- A magnitude 7.2 earthquake produces 10 times more ground motion than a magnitude 6.2 earthquake, but it releases about 32 times more energy. It is the energy released that best indicates the destructive power of an earthquake.
- A magnitude 9.7 earthquake produces 794 times more ground motion than a 6.8 quake as measured on seismograms, but the 9.7 quake releases 23,000 times more energy than the 6.8. This explains why big quakes are so much more devastating than small ones. The amplitude (size) differences can be big, but it is the energy (strength) differences that are huge and do the tremendous damage.
- The most earthquakes recorded in the past decade were of a magnitude of 3.0 to 4.9. More earthquakes fall into the 4.0 to 4.9 magnitude worldwide while most of the United States earthquakes fall into the 3.0 to 3.9 magnitude range.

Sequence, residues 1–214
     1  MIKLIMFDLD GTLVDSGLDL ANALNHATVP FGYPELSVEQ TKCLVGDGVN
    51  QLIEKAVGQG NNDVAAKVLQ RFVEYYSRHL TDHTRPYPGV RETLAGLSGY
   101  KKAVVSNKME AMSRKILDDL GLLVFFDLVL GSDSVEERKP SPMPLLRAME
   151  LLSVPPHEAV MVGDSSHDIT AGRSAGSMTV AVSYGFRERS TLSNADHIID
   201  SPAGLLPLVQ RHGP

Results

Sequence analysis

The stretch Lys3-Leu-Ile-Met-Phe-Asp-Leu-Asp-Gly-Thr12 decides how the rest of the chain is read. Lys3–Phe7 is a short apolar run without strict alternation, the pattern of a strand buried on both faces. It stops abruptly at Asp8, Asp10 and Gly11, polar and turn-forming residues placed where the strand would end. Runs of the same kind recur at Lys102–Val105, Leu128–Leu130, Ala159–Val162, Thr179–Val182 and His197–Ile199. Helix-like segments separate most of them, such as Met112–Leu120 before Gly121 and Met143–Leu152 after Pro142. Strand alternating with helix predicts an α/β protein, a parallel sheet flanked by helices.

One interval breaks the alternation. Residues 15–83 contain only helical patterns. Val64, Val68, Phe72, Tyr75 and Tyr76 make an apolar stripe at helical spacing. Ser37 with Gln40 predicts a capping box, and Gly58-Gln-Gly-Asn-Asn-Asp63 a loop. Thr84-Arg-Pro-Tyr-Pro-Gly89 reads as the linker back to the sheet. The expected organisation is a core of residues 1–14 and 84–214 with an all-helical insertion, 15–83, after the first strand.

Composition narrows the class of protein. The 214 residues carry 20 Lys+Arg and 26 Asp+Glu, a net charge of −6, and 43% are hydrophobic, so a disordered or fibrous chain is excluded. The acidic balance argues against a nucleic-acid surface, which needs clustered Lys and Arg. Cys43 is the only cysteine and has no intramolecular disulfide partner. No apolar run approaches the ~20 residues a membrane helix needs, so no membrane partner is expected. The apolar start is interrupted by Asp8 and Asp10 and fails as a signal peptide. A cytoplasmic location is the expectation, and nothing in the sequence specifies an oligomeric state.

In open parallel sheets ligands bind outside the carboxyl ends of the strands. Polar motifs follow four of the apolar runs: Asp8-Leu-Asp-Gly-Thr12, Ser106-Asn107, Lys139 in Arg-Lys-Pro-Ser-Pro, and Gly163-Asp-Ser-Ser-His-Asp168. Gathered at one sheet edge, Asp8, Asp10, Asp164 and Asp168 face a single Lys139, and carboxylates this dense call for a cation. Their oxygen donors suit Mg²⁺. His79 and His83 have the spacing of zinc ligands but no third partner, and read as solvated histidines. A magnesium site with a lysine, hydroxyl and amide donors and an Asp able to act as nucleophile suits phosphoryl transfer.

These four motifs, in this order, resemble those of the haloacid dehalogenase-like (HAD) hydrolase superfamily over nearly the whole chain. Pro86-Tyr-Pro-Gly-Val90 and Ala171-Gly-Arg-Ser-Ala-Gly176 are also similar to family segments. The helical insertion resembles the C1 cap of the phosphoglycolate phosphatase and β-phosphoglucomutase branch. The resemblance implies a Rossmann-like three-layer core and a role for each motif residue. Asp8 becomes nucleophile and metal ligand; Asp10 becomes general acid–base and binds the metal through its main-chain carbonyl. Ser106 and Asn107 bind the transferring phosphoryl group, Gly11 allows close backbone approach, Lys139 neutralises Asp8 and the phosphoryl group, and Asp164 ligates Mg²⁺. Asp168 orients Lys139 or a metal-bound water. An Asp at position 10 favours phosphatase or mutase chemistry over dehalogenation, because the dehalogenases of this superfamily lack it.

- There were 70,897 earthquakes of 4.0 to 4.9 magnitude worldwide during the past decade while in the United States there were 3,952 of that magnitude.
- Estimated deaths from the earthquakes in the United States in the past decade was 68, while in the same time period worldwide, there were an estimated 127,198 deaths.
- 10 of the 15 largest earthquakes in the United States were in Alaska, three were in California, one in Hawaii, and one in Missouri. The largest one was in Prince William Sound, Alaska on March 28, 1964 with a magnitude of 9.2.
- During the 20th Century, the largest earthquake in the the world took place in Chile on May 22, 1960 with a magnitude of 9.5. Of the ten largest in the world since 1900, three took place in Alaska, the others were in Russia, Ecuador, Kuril Islands, India, and another in Chili.
* Information from the US Geological Survey National Earthquake Information Center.